**SIMPLICIO**: Well, they must form a group. A subgroup of $U(2)$, to be more precise. And since we don’t care about the global phase, make it a subgroup of $SU(2)$, for simplicity.

**INGENUO**: Oh. Well, we just need to check which are the subgroups of $SU(2)$, surely we’ll find something that works. (*Both start reading Wikipedia.*)

\[t=0.20\]

**SIMPLICIO**: Humm, so it turns out that the finite subgroups of $SO(3)$ are rather lame. You either have the platonic solids, which are too finite, or two subgroups that can get arbitrarily large, the cyclic and the dihedral groups.

**INGENUO**: Argh. What are these things?

**SIMPLICIO**: The cyclic group is just the rotations of the sphere by some rational angle around a fixed axis, and the dihedral group is just the cyclic group together with a reflection along the same axis. So you can put your states either in the vertices of a polygon inscribed in the equator of the Bloch sphere, or in the vertices of a prism.

**INGENUO**: Ugh. They are not nearly as uniform as I hoped. So I guess the best one can do is put the states in the vertices of an icosahedron.

**SIMPLICIO**: Beautiful. So instead of 20 bits you can have 20 states. Almost there!

\[t=0:21\]

This post is really fun to chew over. I guess the catch is that Simplicio is doing a sneaky substitution in the third sentence. When QG people say the universe is fundamentally discrete, I think they mean that the Hilbert space of the whole universe is finite dimensional, not that the amplitudes are discrete.

Hmm, I guess that also suggests their toy model might run into problems with the probability interpretation? After all, those amplitudes are supposed to correspond to probabilities. So making the amplitudes discrete seems to imply that actual probabilities only take values from a discrete set of rational numbers, which I think is a non-standard axiom. But I wonder if it is that much different to normal probability theory?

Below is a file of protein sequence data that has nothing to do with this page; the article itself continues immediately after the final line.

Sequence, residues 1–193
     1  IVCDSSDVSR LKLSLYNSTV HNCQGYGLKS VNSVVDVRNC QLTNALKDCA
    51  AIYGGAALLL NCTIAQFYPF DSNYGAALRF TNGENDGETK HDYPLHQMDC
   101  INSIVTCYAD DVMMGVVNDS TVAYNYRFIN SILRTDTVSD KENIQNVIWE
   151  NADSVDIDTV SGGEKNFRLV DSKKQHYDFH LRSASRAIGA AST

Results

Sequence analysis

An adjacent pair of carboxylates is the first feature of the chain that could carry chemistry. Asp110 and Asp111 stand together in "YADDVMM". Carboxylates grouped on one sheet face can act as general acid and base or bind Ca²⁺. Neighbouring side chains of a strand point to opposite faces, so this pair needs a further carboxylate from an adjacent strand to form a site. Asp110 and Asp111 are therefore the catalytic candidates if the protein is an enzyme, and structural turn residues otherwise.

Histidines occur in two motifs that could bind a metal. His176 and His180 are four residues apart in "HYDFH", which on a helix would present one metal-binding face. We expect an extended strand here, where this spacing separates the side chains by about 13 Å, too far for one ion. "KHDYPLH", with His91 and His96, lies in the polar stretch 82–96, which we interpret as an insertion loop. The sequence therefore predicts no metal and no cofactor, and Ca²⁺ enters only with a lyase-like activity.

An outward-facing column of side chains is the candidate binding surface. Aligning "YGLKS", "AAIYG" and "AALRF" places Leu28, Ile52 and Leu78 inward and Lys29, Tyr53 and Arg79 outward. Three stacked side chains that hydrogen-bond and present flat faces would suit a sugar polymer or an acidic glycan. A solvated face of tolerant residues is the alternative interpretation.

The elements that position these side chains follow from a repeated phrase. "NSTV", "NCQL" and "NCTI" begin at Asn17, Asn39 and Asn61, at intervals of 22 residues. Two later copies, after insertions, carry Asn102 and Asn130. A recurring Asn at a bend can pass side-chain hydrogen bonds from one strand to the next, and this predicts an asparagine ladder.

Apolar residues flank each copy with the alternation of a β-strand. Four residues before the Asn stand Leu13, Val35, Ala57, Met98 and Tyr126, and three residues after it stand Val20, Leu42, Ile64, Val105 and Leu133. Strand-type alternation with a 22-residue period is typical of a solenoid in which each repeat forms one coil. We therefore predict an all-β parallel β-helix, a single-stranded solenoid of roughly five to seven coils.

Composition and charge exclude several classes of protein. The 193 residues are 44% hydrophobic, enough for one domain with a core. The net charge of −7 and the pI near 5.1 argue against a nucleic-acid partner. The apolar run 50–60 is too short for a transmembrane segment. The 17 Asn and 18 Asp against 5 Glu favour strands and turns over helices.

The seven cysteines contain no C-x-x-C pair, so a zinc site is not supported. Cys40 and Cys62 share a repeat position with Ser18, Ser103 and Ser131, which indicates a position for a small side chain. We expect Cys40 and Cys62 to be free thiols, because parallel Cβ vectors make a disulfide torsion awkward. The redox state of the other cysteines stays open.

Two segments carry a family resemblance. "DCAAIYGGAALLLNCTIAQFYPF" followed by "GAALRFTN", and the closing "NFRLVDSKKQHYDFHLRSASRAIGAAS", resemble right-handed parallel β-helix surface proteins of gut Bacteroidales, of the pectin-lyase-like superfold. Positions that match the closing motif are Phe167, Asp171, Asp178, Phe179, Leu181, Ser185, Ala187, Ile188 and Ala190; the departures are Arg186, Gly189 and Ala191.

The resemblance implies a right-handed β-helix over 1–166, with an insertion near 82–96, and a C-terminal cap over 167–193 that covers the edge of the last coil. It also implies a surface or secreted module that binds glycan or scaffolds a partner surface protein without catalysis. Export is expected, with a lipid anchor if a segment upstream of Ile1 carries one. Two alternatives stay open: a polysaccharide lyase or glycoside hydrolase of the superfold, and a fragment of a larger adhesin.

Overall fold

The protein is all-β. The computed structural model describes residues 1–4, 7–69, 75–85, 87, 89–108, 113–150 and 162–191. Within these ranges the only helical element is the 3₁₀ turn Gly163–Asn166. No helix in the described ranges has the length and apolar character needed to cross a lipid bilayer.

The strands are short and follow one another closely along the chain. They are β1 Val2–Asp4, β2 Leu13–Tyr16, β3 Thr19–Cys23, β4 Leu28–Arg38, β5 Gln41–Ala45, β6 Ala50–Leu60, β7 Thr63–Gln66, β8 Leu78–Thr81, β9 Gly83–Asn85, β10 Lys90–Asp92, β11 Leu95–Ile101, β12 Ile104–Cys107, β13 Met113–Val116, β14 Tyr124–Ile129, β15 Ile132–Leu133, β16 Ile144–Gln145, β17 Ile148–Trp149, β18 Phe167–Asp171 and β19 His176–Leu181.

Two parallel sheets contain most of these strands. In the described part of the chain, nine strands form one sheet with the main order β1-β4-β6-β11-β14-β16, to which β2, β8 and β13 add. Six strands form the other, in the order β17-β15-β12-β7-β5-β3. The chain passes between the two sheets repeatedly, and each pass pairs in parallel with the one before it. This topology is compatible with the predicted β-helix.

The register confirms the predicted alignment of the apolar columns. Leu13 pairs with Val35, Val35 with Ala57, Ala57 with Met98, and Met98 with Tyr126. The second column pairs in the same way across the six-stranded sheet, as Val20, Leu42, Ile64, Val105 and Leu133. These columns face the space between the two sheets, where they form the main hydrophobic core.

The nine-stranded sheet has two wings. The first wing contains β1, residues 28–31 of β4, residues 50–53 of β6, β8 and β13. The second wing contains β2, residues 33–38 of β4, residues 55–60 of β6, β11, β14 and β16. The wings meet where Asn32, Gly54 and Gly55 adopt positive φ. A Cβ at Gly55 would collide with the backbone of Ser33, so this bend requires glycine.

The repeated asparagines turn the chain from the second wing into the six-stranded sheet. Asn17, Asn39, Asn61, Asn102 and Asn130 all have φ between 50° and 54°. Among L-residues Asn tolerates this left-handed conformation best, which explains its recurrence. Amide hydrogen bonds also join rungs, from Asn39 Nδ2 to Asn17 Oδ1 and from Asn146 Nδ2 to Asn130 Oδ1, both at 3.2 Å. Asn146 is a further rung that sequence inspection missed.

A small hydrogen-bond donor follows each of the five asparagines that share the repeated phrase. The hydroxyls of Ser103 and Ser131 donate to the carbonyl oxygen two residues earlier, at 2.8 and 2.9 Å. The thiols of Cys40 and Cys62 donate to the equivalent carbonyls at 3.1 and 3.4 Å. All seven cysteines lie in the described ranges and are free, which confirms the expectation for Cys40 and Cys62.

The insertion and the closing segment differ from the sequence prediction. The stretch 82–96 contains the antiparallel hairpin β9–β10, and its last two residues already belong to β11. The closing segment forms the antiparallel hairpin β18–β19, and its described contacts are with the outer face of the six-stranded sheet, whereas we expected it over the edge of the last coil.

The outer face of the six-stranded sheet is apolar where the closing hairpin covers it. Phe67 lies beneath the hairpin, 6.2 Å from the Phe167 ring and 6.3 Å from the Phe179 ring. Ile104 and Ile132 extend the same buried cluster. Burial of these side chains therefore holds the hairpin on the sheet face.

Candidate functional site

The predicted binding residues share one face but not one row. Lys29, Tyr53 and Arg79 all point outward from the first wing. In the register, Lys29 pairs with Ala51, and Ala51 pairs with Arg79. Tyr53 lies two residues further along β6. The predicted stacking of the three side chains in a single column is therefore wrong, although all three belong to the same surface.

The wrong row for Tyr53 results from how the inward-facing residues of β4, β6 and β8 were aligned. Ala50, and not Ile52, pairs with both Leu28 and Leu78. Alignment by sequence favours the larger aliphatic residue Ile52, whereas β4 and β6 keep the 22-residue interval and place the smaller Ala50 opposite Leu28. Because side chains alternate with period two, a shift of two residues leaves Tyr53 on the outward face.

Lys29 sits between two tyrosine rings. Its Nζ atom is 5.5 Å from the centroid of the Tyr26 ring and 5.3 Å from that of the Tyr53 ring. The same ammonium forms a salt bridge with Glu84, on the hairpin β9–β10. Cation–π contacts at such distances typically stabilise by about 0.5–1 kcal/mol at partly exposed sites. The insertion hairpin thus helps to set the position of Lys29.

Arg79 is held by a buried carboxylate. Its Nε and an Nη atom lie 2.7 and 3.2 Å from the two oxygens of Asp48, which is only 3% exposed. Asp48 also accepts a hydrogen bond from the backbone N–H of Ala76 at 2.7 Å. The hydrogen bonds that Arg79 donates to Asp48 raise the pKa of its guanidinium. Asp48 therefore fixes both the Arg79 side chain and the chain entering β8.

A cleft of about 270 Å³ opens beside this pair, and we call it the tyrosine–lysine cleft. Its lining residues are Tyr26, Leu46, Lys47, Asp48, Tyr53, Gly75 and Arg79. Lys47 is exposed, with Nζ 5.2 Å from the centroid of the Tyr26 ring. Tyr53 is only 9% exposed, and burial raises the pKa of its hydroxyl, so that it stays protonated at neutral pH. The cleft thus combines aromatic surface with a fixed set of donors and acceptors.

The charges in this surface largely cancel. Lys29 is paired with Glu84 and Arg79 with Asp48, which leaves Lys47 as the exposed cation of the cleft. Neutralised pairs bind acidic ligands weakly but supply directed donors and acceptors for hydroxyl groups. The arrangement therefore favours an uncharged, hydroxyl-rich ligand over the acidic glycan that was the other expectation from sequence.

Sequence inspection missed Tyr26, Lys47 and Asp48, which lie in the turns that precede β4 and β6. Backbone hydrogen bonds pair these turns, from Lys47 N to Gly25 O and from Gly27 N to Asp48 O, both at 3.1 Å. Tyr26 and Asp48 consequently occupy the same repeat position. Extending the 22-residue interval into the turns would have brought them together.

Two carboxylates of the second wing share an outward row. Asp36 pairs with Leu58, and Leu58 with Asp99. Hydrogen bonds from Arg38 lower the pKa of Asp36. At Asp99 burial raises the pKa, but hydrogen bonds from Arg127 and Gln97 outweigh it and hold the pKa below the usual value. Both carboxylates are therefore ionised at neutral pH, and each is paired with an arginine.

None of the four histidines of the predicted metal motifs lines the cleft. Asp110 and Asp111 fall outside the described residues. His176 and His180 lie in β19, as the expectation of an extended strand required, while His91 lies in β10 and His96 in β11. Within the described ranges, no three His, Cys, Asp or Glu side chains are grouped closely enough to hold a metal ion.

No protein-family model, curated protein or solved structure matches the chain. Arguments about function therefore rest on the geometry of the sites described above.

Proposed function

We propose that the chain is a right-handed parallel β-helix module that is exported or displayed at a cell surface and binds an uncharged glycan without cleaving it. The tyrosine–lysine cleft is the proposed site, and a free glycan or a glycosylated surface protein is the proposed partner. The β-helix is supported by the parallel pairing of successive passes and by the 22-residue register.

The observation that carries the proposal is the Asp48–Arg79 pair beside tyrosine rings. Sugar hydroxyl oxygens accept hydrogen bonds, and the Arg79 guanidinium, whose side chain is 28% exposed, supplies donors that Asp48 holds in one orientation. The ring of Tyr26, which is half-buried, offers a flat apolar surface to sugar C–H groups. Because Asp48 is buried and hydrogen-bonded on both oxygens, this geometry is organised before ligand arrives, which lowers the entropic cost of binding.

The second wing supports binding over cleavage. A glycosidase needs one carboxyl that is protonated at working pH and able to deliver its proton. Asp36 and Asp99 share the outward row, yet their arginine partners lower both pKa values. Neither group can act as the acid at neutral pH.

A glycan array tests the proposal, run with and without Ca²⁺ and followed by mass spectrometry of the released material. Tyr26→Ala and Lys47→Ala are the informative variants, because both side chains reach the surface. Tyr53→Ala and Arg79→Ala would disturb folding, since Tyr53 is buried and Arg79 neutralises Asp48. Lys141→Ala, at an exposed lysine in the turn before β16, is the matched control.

That’s the advantage of using stupid characters, I can use them to say stupid things without them being attributed to me. But what Simplicio has in mind there is that if one could actually access the amplitudes with infinite precision, like you can with the position of a classical particle, then these amplitudes would be a infinite-dimensional Hilbert space.

But as far as I know you don’t run into much trouble by restricting normal probability theory to this finite version. It boils down to a choice of what is your sigma-algebra. You will not be able to assign a probability to arbitrary measurable sets, and will not be able to consider infinite sequences of events, but all this can be taken into account, but not anything tragic. Or can you imagine worse problems?

Great post. Recently, I was talking to a colleague about state tomography, who was trying to convince me that we should be using a region estimator of the estimator instead of the point estimator. He said that because a point estimator results in a set of measure zero, it’s almost guaranteed to be wrong. I took from the conversation that he imagines tomography as a game where you have to guess the exact density matrix, and if you are correct in the first 20 bits but wrong on the 21st bit, you are wrong, you are as wrong as if you had been wrong in the first bit.